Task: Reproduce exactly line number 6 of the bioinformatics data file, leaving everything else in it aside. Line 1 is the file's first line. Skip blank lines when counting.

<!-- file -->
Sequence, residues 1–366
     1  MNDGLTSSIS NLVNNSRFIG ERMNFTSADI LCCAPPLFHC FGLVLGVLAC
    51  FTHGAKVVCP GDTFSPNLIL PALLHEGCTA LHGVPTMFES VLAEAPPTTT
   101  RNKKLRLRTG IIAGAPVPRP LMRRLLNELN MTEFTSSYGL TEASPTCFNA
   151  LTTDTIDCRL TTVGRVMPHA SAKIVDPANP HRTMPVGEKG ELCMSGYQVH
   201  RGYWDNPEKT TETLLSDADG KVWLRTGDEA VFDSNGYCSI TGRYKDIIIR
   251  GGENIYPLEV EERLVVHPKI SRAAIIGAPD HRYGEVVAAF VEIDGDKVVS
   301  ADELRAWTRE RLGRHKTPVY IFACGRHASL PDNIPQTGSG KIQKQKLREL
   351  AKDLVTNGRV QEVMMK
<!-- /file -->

   201  RGYWDNPEKT TETLLSDADG KVWLRTGDEA VFDSNGYCSI TGRYKDIIIR